New algorithm came out with surprising yet practical paper-folding patterns to produce any 3 – D structures. It can generate optimal origami folding patterns for any kind of shape. An MIT Professor of electrical engineering and computer science, Erik Demaine who was in 1999 was an 18 year old PhD student at the University of Waterloo, Canada published a paper. It described an algorithm that can tell how to fold a piece of paper into any 3-D structure.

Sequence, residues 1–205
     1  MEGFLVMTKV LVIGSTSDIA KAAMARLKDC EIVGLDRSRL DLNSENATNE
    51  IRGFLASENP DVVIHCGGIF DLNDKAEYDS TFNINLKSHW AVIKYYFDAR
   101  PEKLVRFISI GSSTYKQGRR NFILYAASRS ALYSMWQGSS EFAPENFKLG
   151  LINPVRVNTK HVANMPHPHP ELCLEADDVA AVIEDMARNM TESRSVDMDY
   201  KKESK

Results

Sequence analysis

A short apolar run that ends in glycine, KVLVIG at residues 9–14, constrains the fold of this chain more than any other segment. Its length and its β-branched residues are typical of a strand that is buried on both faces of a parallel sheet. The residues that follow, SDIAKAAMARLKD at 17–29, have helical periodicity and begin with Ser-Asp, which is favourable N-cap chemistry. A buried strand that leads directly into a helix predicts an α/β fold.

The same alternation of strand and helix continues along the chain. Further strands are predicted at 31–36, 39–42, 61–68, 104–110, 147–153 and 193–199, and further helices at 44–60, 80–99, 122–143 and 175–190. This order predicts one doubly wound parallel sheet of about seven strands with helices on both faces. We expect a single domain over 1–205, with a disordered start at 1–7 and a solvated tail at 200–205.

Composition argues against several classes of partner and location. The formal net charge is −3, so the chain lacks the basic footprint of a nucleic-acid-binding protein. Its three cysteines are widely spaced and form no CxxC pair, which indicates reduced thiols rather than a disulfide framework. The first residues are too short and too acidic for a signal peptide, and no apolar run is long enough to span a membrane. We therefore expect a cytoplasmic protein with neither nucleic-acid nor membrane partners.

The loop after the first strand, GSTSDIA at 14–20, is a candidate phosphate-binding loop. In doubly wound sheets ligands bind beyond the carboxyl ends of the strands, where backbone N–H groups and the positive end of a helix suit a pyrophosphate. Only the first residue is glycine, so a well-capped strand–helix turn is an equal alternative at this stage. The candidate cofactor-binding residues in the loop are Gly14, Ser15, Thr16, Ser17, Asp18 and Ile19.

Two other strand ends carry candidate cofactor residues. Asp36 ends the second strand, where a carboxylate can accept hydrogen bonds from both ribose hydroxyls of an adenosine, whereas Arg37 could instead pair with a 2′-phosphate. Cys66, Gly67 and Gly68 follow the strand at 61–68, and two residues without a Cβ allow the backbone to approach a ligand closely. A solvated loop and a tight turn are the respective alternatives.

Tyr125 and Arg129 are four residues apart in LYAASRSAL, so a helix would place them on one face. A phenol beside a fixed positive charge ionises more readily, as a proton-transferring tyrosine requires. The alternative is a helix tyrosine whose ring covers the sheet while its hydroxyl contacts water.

The paper added milestones to the field of computational origami. Initially, he took long strips of paper and then woven it into the desired structure. The resulting structures were not sturdy. The 1999 paper was titled as “A universal algorithm for folding origami shapes that guarantees a minimum number of seams.” The completion of quest was announced at the Symposium on Computational Geometry in July by Demaine and Tomohiro Tachi. Both of them are also working to implement the algorithm in a new version of Origamizer.
By: Bhavna Sharma